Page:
In search of increased job security, the Canadian Union of Public Employees 3903 Units 1, 2 and 3 went to strike after six months of bargaining with York University. Employees at Carleton University also recently opted to strike, advocating for pension benefits in the wake of confusion over language in the collective agreement. While CUPE 3906 is still bargaining, a strike is not off the table.

After rejecting the university’s offer, 3,000 teaching staff at York University walked off the job as part of a strike by CUPE 3903 on March 5. Although 60 per cent of teaching at York is facilitated by members of the union, the university has remained open and some classes have continued during the strike.

The strike at Carleton was led by support staff, including library and administrative employees, on March 5. On March 16, the union and university agreed to return to the bargaining table in hopes of resolving the labour dispute.

CUPE 3903 and 2424’s efforts follow a five-week-long strike by Ontario college instructors, which forced 500,000 students out of class and was ended through back-to-work legislation pushed by the province.

After rejecting the university’s offer, 3,000 teaching staff at York University walked off the job as part of a strike by CUPE 3903 on March 5.

On March 14, CUPE 3906 published letters to the unions at York and Carleton.

The letter to CUPE 2424 emphasized the union’s effort to advocate for improved retirement security and criticized Carleton’s neoliberal policies and unwillingness to acknowledge the importance of pensions for precarious support staff.

“As a local who represents primarily young workers who do not have access to a workplace pension, we find your defense of quality pensions for workers to be an inspiration,” read part of the letter to CUPE 2424.

The letter to York’s union praised its commitment to fighting issues arising from job precarity.

“Job security is an issue that we have here on campus too. Unit 1 members, specifically teaching assistants, only get four years guaranteed of teaching contracts,” said Sarah Wahab, CUPE 3906 vice president. “It’s not enough for us to complete our PhDs usually, so we’re kind of left in this limbo where we can’t find the funding we need in order to finish our dissertations.”

When asked about the likelihood that McMaster’s CUPE 3906 will go to strike after Unit 1 and 2 finish bargaining in 2019, CUPE 3906 president Angie Perez stated that it is invariably likely that, if the union is not listened to, it will call a strike vote.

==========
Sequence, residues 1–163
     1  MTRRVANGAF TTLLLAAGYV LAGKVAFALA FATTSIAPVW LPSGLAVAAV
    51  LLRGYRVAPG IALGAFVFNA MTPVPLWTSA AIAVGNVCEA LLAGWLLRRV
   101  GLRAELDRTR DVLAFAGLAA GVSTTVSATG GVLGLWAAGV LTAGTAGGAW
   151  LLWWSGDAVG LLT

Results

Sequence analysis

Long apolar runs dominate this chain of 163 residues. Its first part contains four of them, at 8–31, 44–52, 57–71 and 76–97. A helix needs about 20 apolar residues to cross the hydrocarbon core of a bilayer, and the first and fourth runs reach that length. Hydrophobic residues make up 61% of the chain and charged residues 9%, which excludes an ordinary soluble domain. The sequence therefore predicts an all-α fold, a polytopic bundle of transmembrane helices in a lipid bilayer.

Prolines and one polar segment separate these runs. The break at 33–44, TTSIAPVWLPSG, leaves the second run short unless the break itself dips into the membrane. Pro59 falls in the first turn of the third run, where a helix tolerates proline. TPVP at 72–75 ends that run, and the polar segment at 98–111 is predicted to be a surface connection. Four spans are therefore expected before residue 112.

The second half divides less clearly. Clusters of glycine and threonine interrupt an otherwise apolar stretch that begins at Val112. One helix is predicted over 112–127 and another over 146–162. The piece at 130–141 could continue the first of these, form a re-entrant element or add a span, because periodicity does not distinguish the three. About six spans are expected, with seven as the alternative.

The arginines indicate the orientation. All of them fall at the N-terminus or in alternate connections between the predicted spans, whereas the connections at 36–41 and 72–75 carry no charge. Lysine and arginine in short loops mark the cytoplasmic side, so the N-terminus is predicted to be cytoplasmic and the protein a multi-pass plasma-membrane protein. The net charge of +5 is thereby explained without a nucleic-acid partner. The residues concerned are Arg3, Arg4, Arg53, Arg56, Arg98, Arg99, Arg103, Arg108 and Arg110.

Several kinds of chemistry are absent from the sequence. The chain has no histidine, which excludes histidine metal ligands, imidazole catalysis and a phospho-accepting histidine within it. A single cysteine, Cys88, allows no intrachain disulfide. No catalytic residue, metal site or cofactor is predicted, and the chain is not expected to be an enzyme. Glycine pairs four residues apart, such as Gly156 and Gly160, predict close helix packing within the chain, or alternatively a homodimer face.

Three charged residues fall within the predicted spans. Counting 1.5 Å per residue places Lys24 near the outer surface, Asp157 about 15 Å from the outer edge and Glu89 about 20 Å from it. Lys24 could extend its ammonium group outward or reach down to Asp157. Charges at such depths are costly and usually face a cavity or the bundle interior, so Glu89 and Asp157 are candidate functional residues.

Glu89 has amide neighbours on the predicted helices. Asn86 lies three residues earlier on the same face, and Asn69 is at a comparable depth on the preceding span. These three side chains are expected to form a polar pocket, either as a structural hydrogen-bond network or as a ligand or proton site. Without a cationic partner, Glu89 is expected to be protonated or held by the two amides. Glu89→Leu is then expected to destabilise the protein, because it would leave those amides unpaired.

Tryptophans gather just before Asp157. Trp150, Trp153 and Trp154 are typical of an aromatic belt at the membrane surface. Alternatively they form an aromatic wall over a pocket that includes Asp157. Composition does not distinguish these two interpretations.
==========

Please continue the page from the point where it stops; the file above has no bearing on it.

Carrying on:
The last time CUPE 3906 went to strike was in 2009, when teaching and research assistants sought increased wages and benefits from the university. This strike was short-lived, however, with 58 per cent of union members voting to accept the university’s offer after one week of striking.

“We do have a lot of issues regarding job security specifically. We’re living in a context where it’s getting harder and harder to live.”

 

Sarah Wahab
Vice president
CUPE 3906

Nevertheless, Wahab acknowledges that the union still has work to do on campus.

“We do have a lot of issues regarding job security specifically. We’re living in a context where it’s getting harder and harder to live. When that starts to happen, strikes start to happen,” said Wahab. “People need to rise up and demand what they deserve.”

Broadly speaking, CUPE 3906 sympathizes with students as they get trapped in a messy and unfortunate situation as a result of a strike. Nevertheless, they argue that students should direct their frustration to the university, not the union.

“The problem is that the narrative is controlled by the universities,” said Perez, who explains that because the university accepts students’ tuition dollars, it should be held accountable to accommodate students in the event of strike action.

Precarious employment continues to be on the rise at McMaster and across the province. As CUPE 3906’s Units 1 and 2 continue to bargain with the university, the union is standing in solidarity with the unions at York and Carleton.

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